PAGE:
A pre-feasibility study is carried out if the project is large and/or complex, and difficult to appraise from the PSD. Typically, such projects have several possible modes of implementation, each with widely different costs and implications. The project is re-evaluated by NEC based on the findings of the pre-feasibility studies. The project is then either:
(a) rejected; or
(b) referred back to the executing agency for further preparatory work and re-submission to NEC; or
(c) included in the PSIP for a full feasibility study/design with the expectation of being implemented, at which point the project moves to Stage 4.

If the project requires an EIA, it is carried out concurrently with the pre-feasibility study and the EIA report is submitted to the Director. The Director 's decision on the EIA and project is conveyed to the executing agency and the SNEC.

NEC's re-evaluation of the project takes into account both the pre-feasibility and EIA reports, and the Director's decision based on the EIA report. If the Director has decided:

(a) that the project is rejected or must be redesigned and the EIA redone, NEC either rejects the project or refers it back to the executing agency for further work on both the pre-feasibility study and the EIA; or

(b) that the project is approved, NEC includes the project in the feasibility study, it instructs the executing agency to take full account of the EIA approval terms and conditions in the feasibility study and, when the project is implemented, to  incorporate them into the appropriate licences.

Stage 4: Feasibility Study
A feasibility study gives a detailed analysis of the technical and financial viability of a project, leading to the development of a Project Design Document (PDD). The executing agency conducts an internal appraisal of the PDD before submitting it to NEC for appraisal.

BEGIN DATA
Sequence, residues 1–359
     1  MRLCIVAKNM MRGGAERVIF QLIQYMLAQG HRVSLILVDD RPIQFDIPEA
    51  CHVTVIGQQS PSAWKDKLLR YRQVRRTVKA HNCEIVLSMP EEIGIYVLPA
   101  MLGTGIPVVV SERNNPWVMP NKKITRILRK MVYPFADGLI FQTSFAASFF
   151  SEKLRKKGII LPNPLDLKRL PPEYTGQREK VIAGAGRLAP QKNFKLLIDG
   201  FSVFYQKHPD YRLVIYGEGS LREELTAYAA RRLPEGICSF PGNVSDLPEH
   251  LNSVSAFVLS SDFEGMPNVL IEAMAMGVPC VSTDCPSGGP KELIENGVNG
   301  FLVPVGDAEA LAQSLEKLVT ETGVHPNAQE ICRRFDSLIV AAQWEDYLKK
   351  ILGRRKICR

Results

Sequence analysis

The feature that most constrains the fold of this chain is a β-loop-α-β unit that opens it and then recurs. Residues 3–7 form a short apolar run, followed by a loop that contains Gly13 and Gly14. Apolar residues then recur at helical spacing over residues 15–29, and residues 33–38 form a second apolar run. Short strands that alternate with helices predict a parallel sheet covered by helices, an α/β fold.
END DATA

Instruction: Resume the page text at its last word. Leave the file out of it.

Stage 5: Appraisal
NEC appraises the project proposal based on the PDD. A decision is then taken to: 
(a) reject the project; or
(b) refer the PDD back to the executing agency for further preparatory work and resubmission to NEC; or 
(c) implement the project.

In practice, it is unusual for a project to be dropped from the PSIP at this stage.

NEC's appraisal of the project is based on the PDD, and EIA report and the Director's decision, including any approval terms and conditions. If the Director has decided:

(a) that the project is rejected or must be redesigned and the EIA redone, NEC either rejects the project or refers it back to the executing agency for further work on both the feasibility and EIA studies; or

(b) that the project is approved, NEC approves the project for implementation, it instructs the executing agency to incorporate the Director's approval terms and conditions into the project plan and appropriate licences.

When NEC approves the project for implementation, the Director requests the TCE to develop and implement a government project audit and monitoring programme.

Stages 6, 7 and 8: Implementation
These stages involve:
(a) negotiating financing
(b) pre-implementation activities (e.g. hiring staff, preparation of construction documents, surveying)
(c) implementation (investment, development)
(d) monitoring and evaluation